If you want to start a new habit and begin living healthier and happier, then I have one suggestion that I cannot emphasis enough: start small. In the words of Leo Babauta, “make it so easy that you can’t say no.” How small? BJ Fogg suggests that people who want to start flossing begin by only flossing one tooth. Just one. In the beginning, performance doesn’t matter.

Become the type of person who always sticks to your new habit. You can build up to the level of performance that you want once the behavior becomes consistent. Here’s your action step: Decide what want your new habit to be. Now ask yourself, “How can I make this new behavior so easy to do that I can’t say no?”

What is Your Reward?

It’s important to celebrate. We want to continue doing things that make us feel good. And because an action needs to be repeated for it to become a habit, it’s especially important that you reward yourself each time you practice your new habit.

For example, if I’m working towards a new fitness goal, then I’ll often tell myself at the end of a workout, “That was good day.” Or, “Good job. You made progress today.” If you feel like it, you could even tell yourself “Victory!” or “Success!” each time you do your new habit. I haven’t done this myself, but some people swear by it.

•Floss one tooth. “Victory!” •Eat a healthy meal. “Success!” •Do five pushups. “Good work!” Give yourself some credit and enjoy each success.

Related note: Only go after habits that are important to you. It’s tough to find a reward when you’re simply doing things because other people say they are important.

Where to Go From Here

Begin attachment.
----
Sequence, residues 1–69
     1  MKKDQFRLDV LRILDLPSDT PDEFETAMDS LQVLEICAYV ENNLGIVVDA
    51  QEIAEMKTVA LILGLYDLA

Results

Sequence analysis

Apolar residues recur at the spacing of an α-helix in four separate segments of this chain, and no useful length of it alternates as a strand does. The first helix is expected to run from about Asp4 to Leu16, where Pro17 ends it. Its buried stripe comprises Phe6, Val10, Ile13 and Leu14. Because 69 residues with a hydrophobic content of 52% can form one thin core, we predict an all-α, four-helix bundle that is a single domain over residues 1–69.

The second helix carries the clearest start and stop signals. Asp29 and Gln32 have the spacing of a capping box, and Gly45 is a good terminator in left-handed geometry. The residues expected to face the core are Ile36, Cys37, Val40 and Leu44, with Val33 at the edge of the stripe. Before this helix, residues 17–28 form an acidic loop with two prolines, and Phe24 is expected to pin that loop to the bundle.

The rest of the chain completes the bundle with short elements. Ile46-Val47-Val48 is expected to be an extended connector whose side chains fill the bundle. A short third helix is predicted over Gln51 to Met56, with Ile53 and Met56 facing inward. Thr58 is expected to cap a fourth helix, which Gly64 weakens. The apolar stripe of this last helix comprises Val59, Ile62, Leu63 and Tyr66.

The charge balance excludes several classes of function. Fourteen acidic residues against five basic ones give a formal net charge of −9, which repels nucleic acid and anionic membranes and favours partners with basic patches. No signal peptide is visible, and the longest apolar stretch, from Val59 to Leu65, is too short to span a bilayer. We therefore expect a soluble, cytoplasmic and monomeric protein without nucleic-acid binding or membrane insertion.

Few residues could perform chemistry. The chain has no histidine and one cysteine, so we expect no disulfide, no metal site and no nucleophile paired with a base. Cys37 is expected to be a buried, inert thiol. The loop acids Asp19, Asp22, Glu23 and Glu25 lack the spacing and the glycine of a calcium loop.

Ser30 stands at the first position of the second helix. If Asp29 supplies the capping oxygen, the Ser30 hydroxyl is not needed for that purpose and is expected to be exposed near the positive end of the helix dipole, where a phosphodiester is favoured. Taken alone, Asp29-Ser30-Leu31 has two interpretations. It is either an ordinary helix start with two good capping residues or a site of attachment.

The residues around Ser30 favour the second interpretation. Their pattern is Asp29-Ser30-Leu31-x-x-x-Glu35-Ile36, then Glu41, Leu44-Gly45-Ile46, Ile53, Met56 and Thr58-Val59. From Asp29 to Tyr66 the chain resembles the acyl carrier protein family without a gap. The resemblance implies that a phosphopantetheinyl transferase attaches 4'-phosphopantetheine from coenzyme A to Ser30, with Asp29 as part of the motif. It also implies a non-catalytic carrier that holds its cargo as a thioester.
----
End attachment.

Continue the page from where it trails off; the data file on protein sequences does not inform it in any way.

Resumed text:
In general, you’ll find that these three steps fit almost any habit. The specifics, however, may take some work. You might have to experiment before you find the right cue that reminds you to start a new habit. You might have to think a bit before figuring out how to make your new habit so easy that you can’t say no. And rewarding yourself with positive self–talk can take some getting used to if you’re not someone who typically does that. It’s all a process, my friend.

[Ed Note: James is a writer, photographer and avid weightlifter. His mission is to help as many people as he can by showing them simple but effective ways of changing their habits.  ]

Simple Stuff-Commit

(Simple Stuff is simply a bunch of inspirational, motivational and other quotes meant to make you think, reflect, smile, even laugh a bit. Hopefully helpful, useful stuff..)

Tianmen-Mountain-05

Never doubt that a small group of thoughtful, committed, citizens can change the world. Indeed, it is the only thing that ever has. –Jack Canfield

Every truth has two sides; it is as well to look at both, before we commit ourselves to either.-Aesop 

Love means to commit yourself without guarantee.Anne Campbell